Like an addiction to anything, when the craving for certainty is met, there is a sensation of reward. At low levels, for example, when predicting where your foot will land as you walk, the reward is often unnoticeable (except when your foot doesn’t land the way you predicted, which equates with uncertainty). The pleasure of prediction is more acute when you listen to music based on repeating patterns. The ability to predict, and then obtain data that meets those predictions, generates an overall toward response. It’s part of the reason that games such as solitaire, Sudoku, and crossword puzzles are enjoyable. They give you a little rush from creating more certainty in the world, in a safe way. Entire industries are devoted to resolving larger uncertainties: from shop-front palm readers, to the mythical “black boxes” that can supposedly predict stock trends and make investors millions. Some parts of accounting and consulting make their money by helping executives experience a perception of increasing certainty, through strategic planning and “forecasting”. While the financial markets of 2008 showed once again that the future is inherently uncertain, the one thing that’s certain is that people will always pay lots of money at least to feel less uncertain. That’s because uncertainty feels, to the brain, like a threat to your life.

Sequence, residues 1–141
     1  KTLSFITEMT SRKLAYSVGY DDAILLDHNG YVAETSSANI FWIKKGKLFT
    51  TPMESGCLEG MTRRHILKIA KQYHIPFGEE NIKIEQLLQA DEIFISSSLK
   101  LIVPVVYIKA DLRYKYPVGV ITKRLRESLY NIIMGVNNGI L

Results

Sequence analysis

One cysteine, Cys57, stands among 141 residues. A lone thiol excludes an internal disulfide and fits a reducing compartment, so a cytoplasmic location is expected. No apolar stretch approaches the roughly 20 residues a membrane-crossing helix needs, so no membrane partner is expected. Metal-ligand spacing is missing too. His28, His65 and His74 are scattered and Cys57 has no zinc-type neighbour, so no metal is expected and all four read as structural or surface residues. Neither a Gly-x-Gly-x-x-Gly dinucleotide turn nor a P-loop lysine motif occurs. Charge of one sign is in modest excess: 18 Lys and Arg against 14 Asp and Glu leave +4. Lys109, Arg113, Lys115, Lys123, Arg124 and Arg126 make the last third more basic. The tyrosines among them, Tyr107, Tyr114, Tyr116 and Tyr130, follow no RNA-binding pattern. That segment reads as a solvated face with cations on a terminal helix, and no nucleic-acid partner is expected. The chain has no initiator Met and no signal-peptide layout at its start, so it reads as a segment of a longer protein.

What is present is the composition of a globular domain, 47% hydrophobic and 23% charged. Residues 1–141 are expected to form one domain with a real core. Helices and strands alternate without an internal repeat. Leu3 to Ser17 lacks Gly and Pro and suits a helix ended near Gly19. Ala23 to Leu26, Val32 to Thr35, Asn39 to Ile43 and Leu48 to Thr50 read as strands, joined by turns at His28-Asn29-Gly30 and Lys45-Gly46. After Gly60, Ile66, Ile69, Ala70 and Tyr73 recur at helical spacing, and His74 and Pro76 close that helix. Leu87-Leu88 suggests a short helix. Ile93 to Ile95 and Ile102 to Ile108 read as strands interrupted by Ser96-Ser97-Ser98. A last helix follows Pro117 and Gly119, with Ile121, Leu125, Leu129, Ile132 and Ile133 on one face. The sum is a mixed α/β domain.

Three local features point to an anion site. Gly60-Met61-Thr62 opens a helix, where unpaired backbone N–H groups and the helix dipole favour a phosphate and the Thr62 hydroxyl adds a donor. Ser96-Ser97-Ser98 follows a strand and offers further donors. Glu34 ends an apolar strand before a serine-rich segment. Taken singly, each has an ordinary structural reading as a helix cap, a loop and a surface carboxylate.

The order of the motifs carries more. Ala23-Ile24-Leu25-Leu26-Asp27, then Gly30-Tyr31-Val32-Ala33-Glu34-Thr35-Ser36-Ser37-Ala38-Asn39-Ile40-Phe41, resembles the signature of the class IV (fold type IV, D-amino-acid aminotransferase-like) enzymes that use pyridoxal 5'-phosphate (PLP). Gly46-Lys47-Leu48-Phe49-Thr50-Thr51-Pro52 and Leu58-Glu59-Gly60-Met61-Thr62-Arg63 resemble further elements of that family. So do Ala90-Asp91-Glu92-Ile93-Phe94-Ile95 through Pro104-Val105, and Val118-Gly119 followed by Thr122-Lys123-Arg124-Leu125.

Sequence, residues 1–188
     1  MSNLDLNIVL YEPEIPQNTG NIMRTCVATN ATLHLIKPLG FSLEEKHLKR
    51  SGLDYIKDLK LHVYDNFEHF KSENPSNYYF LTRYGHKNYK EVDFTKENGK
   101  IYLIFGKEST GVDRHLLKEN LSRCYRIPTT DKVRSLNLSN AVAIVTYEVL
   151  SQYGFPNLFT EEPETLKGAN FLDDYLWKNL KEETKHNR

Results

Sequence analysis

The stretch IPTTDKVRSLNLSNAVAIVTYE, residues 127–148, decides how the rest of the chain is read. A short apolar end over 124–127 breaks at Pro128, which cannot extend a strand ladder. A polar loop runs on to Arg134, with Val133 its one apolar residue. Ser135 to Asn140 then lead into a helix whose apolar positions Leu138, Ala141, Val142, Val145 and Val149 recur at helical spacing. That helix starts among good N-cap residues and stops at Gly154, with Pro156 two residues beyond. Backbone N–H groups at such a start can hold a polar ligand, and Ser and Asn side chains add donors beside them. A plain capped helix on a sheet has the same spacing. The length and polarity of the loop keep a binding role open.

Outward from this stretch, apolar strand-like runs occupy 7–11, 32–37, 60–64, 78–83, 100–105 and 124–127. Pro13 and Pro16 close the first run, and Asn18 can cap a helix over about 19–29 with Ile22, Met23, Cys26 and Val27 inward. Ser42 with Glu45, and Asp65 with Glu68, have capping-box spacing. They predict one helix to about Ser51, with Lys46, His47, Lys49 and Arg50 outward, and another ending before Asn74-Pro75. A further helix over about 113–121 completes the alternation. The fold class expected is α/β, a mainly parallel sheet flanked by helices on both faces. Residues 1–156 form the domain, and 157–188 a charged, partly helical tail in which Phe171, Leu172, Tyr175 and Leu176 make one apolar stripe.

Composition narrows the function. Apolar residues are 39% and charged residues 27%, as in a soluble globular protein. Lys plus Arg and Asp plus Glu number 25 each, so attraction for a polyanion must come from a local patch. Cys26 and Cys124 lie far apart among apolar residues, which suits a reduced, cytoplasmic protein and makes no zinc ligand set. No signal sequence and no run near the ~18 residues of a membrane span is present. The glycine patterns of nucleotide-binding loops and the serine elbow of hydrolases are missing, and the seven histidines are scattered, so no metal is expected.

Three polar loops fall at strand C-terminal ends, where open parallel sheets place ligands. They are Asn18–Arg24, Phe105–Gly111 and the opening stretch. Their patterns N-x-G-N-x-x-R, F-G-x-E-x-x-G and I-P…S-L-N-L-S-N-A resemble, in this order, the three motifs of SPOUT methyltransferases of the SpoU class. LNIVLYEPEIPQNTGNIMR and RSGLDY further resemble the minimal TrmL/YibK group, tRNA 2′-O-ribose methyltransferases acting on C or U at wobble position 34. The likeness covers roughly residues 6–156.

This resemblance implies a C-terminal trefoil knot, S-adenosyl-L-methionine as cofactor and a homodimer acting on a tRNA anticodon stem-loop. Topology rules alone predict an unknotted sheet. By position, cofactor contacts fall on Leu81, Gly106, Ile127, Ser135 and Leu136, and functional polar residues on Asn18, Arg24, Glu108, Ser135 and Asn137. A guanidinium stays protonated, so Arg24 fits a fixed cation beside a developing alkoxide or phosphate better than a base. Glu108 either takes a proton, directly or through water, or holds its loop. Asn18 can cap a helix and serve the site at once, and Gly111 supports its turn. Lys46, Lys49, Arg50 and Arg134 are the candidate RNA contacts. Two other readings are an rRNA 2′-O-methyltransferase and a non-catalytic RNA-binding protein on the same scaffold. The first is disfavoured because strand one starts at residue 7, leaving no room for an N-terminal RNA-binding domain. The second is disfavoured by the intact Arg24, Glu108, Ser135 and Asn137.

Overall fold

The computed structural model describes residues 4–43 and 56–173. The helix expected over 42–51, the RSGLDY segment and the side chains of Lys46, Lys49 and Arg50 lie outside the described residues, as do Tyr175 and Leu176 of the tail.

– David Rock, Your Brain at Work